If you need to file a claim on behalf of a loved one, it helps to know why claims are denied and where filers tend to get tripped up. Here’s what I gathered, from longtime brokers, consumer advocates and lawyers who do battle with insurers on these issues:

DEDUCTIBLES. In the long-term care world, deductibles work a bit differently than typical insurance policies. The policies have waiting periods, or elimination periods, and they are typically measured in days: 30, 60, 90 or 100 days. So if your policy covers $150 a day for in-home care, and you have a 60-day waiting period, you will typically owe the first $9,000 — 60 times $150 a day — before the policy kicks in.

But the way the waiting periods are counted is critical, too. “If a person is getting home care a few days a week, and the company only counts those days of care toward the waiting period, the total time needed to satisfy the waiting period will be much longer than 60 days,” Ms. Burns said. “So it isn’t just the $9,000, but the total time that has to be satisfied.”

With certain older policies, meanwhile, the insured person must also spend three days in the hospital before the policy will pay any benefits. “Some of these older policies have requirements that most states don’t allow today,” Ms. Burns said. “But these requirements must still be met in these older policies.”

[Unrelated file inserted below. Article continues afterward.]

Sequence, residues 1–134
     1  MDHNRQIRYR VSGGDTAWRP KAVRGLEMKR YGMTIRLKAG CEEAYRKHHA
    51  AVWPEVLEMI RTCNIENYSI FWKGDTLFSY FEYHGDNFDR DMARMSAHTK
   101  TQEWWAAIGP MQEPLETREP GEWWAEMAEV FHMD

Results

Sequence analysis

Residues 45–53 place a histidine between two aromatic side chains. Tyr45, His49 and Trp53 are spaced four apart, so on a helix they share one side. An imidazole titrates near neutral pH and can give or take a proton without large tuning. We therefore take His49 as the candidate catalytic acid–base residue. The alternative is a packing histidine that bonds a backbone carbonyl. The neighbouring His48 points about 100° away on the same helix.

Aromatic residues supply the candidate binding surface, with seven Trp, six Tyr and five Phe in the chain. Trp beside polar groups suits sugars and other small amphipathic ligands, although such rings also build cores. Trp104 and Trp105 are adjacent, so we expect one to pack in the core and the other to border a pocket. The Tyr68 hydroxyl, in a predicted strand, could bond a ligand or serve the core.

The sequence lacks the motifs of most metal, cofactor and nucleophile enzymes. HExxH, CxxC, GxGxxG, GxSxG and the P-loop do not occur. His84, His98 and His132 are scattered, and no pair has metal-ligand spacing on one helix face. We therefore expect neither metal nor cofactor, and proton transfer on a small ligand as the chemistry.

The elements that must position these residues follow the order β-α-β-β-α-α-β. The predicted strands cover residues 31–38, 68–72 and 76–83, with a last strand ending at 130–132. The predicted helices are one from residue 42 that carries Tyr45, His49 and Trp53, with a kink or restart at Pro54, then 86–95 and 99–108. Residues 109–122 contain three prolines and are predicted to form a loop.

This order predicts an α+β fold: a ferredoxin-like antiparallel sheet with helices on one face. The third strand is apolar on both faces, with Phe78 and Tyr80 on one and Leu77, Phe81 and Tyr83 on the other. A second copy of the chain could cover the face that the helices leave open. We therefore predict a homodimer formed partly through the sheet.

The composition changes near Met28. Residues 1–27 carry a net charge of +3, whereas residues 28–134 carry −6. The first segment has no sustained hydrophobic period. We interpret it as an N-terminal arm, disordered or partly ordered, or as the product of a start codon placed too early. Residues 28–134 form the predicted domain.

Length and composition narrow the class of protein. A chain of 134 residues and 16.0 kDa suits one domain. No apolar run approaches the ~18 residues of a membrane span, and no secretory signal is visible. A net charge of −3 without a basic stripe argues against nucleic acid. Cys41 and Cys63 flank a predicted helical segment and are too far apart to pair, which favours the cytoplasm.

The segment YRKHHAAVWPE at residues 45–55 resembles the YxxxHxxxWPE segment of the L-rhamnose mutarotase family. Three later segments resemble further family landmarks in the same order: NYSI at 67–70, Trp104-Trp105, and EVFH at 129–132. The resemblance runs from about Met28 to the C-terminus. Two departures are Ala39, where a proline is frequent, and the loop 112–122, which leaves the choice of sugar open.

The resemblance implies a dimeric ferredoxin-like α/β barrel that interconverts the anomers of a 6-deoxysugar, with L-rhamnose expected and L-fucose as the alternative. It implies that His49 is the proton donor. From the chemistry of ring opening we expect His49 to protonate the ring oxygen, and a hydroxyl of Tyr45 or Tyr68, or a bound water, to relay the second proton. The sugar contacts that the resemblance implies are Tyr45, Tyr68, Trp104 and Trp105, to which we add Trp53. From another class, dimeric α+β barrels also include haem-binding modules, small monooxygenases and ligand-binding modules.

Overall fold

ELIGIBILITY. To become eligible for benefits, patients must be expected to need “substantial assistance” for at least 90 days, either because they are suffering from a form of dementia, for instance, or because they can’t perform two basic daily activities from a list of six, including items like bathing, getting dressed and eating. (This applies to certain policies written after 1997.)

“What we are finding today is that when people are getting assessed, they fire on 8 or 10 cylinders on some days and they will trick people,” said Brian I. Gordon, president of MAGA, a long-term care insurance agency in Riverwoods, Ill. “They want to become Superman the day the assessor comes out. And then the insurer may deny the claims.”

Glenn R. Kantor, a lawyer in California whose firm focuses on insurance claims, said he represented a woman, blind from severe macular degeneration who was receiving benefits for home care. But when the representative from the insurer asked her if she could bathe by herself, the woman told the company she could as long as her aide led her into the shower and gave her soap and a washcloth. Shortly thereafter, the insurer cut off her payments.